The Batman’s Matt Reeves Explains His Version Of Joker’s Origin Story And Scars

Robert Pattinson as Bruce Wayne The Batman.
(Image credit: Warner Bros.)

There have been a number of Batman movies over the years, thanks to the immense popularity of the Caped Crusader. The latest of these is Matt Reeves’ The Batman, which was set outside of the main DCEU. The movie had a trio of villains, but also featured the debut of Barry Keoghan’s Joker. And now Reeves has explained his Joker’s origin story (including those scars).

The Batman took place just 2 years into the crimefighting career of Robert Pattinson’s title character, and saw him interact with the likes of Riddler, Catwoman, and Penguin. But the Joker also made a surprise appearance, with an extended deleted scene of Mr. J. recently arriving online. Moviegoers are eager to see more of Barry Keoghan’s version of the villain, and learn more about his intriguing physical appearance. Matt Reeves opened up to Variety about this ideas for the Clown Prince of Crime, saying:

It's like Phantom of the Opera. He has a congenital disease where he can't stop smiling and it's horrific. His face is half-covered through most of the film. t's not about some version where he falls into a vat of chemicals and his face is distorted, or what [Christopher] Nolan did, where there's some mystery to how he got these scars carved into his face. What if this guy from birth had this disease and he was cursed? He had this smile that people stared at that was grotesque and terrifying. Even as a child, people looked at him with horror, and his response was to say, 'Okay, so a joke was played on me,' and this was his nihilistic take on the world.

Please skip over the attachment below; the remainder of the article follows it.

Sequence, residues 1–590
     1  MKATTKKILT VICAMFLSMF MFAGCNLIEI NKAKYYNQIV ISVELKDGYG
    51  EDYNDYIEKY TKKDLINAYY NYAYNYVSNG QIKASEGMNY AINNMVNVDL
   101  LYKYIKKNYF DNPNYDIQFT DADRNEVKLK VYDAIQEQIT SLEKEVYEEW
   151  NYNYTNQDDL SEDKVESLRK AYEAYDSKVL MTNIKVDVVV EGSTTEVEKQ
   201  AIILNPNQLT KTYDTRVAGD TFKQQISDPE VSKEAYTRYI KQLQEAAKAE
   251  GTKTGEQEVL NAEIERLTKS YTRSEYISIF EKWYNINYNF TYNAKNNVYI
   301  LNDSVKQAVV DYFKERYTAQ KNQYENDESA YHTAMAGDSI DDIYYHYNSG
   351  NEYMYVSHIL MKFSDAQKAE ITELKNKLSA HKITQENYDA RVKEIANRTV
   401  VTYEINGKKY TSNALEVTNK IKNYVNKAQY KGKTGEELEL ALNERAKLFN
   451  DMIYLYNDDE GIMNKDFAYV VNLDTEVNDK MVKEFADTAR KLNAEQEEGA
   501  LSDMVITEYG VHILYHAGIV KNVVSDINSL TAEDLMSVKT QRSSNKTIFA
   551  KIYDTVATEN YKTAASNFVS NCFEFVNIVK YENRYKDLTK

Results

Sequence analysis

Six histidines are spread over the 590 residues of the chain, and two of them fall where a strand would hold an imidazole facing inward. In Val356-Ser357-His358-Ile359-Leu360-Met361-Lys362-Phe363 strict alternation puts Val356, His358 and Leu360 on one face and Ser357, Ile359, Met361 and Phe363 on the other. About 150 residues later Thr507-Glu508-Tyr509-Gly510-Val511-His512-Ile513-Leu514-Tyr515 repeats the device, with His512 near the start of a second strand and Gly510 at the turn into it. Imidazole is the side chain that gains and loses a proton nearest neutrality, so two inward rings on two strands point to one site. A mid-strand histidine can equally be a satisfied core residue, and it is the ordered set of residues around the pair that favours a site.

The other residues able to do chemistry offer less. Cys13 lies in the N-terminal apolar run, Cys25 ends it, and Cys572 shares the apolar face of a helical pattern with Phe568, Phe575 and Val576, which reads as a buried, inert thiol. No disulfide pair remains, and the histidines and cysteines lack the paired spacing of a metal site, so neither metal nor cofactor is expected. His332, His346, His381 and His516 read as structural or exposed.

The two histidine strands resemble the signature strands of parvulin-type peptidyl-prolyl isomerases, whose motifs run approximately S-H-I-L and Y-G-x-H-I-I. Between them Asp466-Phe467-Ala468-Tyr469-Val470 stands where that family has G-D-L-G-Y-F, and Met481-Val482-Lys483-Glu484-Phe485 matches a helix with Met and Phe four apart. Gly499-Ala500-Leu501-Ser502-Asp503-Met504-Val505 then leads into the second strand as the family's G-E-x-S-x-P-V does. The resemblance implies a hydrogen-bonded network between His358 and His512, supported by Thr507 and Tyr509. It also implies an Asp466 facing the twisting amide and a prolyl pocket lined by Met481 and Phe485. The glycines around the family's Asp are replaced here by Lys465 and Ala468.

Well, I’m interested. Clearly Matt Reeves has really put a ton of thought into his take on Joker for The Batman. Now let’s hope that Warner Bros. moves forward and officially green lights a sequel for the DC flick. But given it’s wildly successful box office run, a follow-up movie seems all but inevitable.

Matt Reeves’ comments to Variety shows how methodically he approached his work on The Batman, and its follow-up projects. He’s got a unique vision for Gotham City and its inhabitants, including the Caped Crusader’s most iconic foe. And this take on Joker is no doubt going to increase calls for a DC blockbuster sequel. Barry Keoghan’s screen time was simply too limited for the public to see this methodology play out.

In the theatrical cut of The Batman, Joker only appeared very briefly at the end of the movie. When Paul Dano’s Riddler is brough into Arkham Asylum he establishes a connection with the supervillain, who is in an adjacent cell. This scene quickly got the internet buzzing, but it turns out that there was more footage that didn’t make it to theaters.

Luckily for us, a deleted scene from The Batman was recently released that featured more of Barry Keoghan’s new Joker. It would have come much earlier in the film, revealing that the Clown Prince of Crime was already in custody after a confrontation with Robert Pattinson’s hero. As a reminder, you can watch that sequence below,

This new footage showed way more of Matt Reeves’ take on the Joker, and definitely helped to increase buzz surrounding The Batman’s possible sequel. But first the filmmaker will pivot his focus onto a spinoff series for HBO Max revolving around Colin Farrell’s Penguin. Clearly he’s got plenty of ideas for the burgeoning franchise.

The Batman is still in theaters now, although it was recently dethroned at the box office by The Lost City. Be sure to check out the 2022 movie release dates to plan your next movie experience. 

Corey Chichizola
Movies Editor

Corey was born and raised in New Jersey. Graduated with degrees theater and literature from Ramapo College of New Jersey. After working in administrative theater for a year in New York, he started as the Weekend Editor at CinemaBlend. He's since been able to work himself up to reviews, phoners, and press junkets-- and is now able to appear on camera with some of his favorite actors... just not as he would have predicted as a kid. He's particularly proud of covering horror franchises like Scream and Halloween, as well as movie musicals like West Side Story. Favorite interviews include Steven Spielberg, Spike Lee, Jamie Lee Curtis, and more.